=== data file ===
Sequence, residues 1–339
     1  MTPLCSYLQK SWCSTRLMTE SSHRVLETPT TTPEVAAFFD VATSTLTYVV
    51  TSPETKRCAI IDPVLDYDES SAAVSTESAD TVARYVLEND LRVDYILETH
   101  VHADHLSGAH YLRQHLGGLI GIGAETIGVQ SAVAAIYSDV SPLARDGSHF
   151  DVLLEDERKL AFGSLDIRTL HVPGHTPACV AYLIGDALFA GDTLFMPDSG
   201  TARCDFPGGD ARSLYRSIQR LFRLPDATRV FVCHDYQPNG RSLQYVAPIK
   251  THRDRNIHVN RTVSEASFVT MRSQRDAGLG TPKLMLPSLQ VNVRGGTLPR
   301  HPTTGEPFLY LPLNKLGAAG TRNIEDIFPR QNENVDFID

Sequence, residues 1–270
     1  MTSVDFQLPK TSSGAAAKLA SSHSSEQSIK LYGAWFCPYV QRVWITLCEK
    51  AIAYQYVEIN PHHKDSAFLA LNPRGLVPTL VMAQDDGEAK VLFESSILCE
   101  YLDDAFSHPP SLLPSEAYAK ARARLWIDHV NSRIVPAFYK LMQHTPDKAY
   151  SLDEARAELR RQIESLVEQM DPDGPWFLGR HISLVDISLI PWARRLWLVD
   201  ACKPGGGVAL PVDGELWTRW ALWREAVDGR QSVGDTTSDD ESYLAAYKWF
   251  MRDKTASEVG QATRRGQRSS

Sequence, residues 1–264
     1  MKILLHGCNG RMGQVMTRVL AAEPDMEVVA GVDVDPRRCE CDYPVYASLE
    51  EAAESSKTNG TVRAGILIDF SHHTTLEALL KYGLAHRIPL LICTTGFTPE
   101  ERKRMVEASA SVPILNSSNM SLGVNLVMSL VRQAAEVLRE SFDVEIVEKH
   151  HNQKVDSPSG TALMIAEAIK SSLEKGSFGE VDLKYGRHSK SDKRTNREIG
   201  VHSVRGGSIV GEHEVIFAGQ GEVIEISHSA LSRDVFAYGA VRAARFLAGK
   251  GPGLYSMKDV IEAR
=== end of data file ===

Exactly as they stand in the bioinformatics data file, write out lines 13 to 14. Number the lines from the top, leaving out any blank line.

   151  SLDEARAELR RQIESLVEQM DPDGPWFLGR HISLVDISLI PWARRLWLVD
   201  ACKPGGGVAL PVDGELWTRW ALWREAVDGR QSVGDTTSDD ESYLAAYKWF